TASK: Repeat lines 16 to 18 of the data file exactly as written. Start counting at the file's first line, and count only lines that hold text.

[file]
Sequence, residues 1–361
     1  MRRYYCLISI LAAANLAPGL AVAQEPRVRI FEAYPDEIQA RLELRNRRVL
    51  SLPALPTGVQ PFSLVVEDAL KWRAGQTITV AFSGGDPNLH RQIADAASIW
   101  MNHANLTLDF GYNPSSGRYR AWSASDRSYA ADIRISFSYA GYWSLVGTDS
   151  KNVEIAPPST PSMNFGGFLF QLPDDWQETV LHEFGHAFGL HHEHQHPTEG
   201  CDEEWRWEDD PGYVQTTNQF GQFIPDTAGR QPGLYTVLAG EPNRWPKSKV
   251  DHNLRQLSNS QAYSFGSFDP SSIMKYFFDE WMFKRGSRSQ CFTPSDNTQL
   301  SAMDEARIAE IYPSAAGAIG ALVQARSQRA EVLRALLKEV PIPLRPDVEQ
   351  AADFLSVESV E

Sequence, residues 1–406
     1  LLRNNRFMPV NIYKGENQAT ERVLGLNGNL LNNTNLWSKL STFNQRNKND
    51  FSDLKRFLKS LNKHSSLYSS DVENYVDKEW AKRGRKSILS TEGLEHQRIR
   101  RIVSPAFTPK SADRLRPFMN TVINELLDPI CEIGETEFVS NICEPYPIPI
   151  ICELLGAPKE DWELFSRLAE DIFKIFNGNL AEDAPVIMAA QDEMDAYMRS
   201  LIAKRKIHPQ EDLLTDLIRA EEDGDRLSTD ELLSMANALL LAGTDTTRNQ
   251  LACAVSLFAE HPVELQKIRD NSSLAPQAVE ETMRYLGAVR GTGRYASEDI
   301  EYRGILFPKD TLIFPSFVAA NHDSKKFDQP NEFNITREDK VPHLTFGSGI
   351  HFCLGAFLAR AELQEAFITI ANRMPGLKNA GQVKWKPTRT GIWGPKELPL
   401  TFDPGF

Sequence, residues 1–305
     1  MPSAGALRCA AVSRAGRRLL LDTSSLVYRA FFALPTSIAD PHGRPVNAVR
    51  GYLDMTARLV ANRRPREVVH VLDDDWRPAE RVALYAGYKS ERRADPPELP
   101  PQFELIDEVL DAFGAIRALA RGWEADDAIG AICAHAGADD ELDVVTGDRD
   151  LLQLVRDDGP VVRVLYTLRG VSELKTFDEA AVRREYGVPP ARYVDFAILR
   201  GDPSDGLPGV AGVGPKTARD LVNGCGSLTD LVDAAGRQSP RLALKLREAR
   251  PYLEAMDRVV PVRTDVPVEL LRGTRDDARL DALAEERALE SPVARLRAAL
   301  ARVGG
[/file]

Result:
   251  LACAVSLFAE HPVELQKIRD NSSLAPQAVE ETMRYLGAVR GTGRYASEDI
   301  EYRGILFPKD TLIFPSFVAA NHDSKKFDQP NEFNITREDK VPHLTFGSGI
   351  HFCLGAFLAR AELQEAFITI ANRMPGLKNA GQVKWKPTRT GIWGPKELPL